The image was found in the Catacomb of St Thekla, close to the Basilica of St Paul Outside the Walls in Rome, which is said to be built on the site where he was buried.

St Thekla was a follower of St Paul who lived in Rome and who was put to death under the Emperor Diocletian at the beginning of the 4th Century and who was subsequently made a saint but little else is known of her.

Barbara Mazzei, the director of the work at the Catacomb, said: "We had been working in the Catacomb for some time and it is full of frescoes.

"However the pictures are all covered with limestone which was covering up much of the artwork and so to remove it and clean it up we had to use fine lasers.

"The result was exceptional because from underneath all the dirt and grime we saw for the first time in 1600 years the face of Saint Paul in a very good condition.

"It was easy to see that it was Saint Paul because the style matched the iconography that we know existed at around the 4th Century – that is the thin face and the dark beard. - More:

Learn more about it:

Wednesday, May 27, 2009

Roman Sewn Ship Found in Croatia

From the description of the site, it sounds like a sewn ship will be the first of numerous discoveries in the former Roman city of Cissa.

Archaeologists have found an ancient sewn ship over 2000 years old in Novalia, Croatia. The ship, including body panels, ship skeleton and stitches, was found in the Caska Bay on the Island of Pag, near Novalja.

[Image - Reconstruction of a sewn boat. Courtesy of The Sewn Boat homepage.]

“In Roman times, Novalja was known for its port accommodation and was located on the old sea route from Greece to northern Italy and central Europe. The ships would wait in Novalja for suitable winds and because of that a town developed there that had various suitable services,” said professor Zdenko Brusic from Zadar University.

“Today, there are numerous remains of Roman architecture under the whole region, like water supply lines, well equipped basilicas, graves,” he added. - More: Sindh Today

I wonder if this new discovery exhibits the combination of construction techniques found in a Greek vessel raised off the coast of Sicily late last year? That 2500 year-old vessel was built with both sewing and mortise-and-tenon joints. According to National Geographic, other finds show that Egyptians and Phoenician-Punic people used this method of boat building as well.

On the Sewn Boat Homepage, Misha Naimark explains that the stitching material for sewn boats (at least those built in Northern Europe) was usually made from the roots of trees like spruce or pine.

Gathered roots must be cleaned from the bark (which is also loose and peels off quite easily) and immediately immersed into a bucket of tar; the roots are soft only while they are fresh and wet, but when they get dry they become quite crisp and stiff. So the roots are to be kept immersed in the tar, and taken out just before sewing. To protect them against rotting and deteriorating in the boat, the roots must be boiled in the tar until they are completely impregnated with it; this will make them softer, too.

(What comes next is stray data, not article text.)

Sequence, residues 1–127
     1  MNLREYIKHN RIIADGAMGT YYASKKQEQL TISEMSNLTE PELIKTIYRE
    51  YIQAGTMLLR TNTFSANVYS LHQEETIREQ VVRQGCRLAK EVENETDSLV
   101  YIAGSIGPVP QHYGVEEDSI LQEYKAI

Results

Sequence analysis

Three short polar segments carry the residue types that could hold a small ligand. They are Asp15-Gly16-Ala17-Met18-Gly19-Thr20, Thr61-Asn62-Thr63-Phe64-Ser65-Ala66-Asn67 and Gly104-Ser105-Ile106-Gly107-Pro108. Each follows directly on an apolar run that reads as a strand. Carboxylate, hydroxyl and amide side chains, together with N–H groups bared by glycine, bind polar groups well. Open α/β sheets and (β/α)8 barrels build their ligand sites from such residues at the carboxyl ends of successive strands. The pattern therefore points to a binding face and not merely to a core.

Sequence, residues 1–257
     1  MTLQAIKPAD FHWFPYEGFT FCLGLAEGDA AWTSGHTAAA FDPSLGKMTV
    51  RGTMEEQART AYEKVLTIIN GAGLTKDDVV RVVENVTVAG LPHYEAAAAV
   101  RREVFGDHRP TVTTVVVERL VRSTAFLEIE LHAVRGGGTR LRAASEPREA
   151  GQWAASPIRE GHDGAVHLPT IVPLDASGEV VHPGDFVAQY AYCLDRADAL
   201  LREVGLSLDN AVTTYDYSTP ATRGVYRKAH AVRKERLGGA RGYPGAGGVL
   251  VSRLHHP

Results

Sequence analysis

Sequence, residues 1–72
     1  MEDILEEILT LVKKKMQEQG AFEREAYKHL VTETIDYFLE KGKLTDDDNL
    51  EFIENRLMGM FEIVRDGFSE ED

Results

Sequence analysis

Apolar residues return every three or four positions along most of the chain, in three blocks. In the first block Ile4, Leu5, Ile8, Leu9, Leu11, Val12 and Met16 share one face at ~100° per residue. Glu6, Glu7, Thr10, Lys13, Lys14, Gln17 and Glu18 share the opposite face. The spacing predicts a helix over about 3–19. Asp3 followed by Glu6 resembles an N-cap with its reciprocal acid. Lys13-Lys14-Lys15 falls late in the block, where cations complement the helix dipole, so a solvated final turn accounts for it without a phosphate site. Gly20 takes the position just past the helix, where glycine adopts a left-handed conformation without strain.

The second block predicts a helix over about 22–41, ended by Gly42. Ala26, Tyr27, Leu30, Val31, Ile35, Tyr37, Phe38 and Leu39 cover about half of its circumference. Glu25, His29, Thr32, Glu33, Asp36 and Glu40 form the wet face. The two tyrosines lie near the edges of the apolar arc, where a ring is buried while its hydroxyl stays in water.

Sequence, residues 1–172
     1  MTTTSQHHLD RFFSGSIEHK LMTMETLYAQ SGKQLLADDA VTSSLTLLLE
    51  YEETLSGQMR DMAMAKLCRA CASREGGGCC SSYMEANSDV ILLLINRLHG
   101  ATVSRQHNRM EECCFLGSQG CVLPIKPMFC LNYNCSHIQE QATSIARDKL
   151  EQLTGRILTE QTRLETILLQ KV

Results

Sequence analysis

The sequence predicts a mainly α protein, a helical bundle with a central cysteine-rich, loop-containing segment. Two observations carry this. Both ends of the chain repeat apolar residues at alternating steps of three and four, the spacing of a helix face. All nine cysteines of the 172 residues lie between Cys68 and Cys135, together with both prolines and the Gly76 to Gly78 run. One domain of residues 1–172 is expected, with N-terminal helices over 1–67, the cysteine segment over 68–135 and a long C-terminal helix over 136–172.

Thus prepared, the spruce roots are flexible enough for sewing; but if a root is too thick and stiff, one can easily rip it lengthwise into two equal thong-like parts, which are very fit for sewing. Each part can further be ripped into halves to obtain thin and flexible enough yarns. Usually thick roots were split into yarns this way, and sometimes several such yarns were twisted together into strands and used for sewing instead of whole roots. - More: The Sewn Boat Homepage

Thursday, May 21, 2009

CT scans to "unroll" the scorched papyri from Herculaneum

I am always excited when someone tackles the challenge of trying to unroll the charred scrolls from Piso's library in Herculaneum. Although many scholars think the library mostly contains epicurean works, I keep hoping for copies of lost books written by Piso's son-in-law, Julius Caesar. According to ancient sources, Caesar dabbled in a variety of literary genres including poetry and even a joke book. I think it would be very revealing to discover what Caesar found humorous.

[Image - Brent Seales, a University of Kentucky computer science professor, specializes in reading ancient manuscripts using computer scans. On the screen behind him is a scan of the earliest complete copy of Homer's Illiad, from the 10th century A.D. On the screen at right is a carbonized scroll from ancient Herculaneum that Seales and his team will try to read using an X-ray CT scan. Photo by David Stephenson]

Brent Seales, the Gill professor of engineering in UK's computer science department, will use an X-Ray CT scanning system to collect interior images of the scrolls' [from the Villa of the Papyri in Herculaneum] rolled-up pages. Then, he and his colleagues hope to digitally "unroll" the scrolls on a computer screen so scholars can read them.

Seales admits that there are hurdles, the biggest being the carbon-based ink thought to have been used on the scrolls. He says that since the papyrus in the scrolls was turned to carbon by the fury of Vesuvius, it might be impossible to visually separate the writing from the pages, even with powerful computer programs.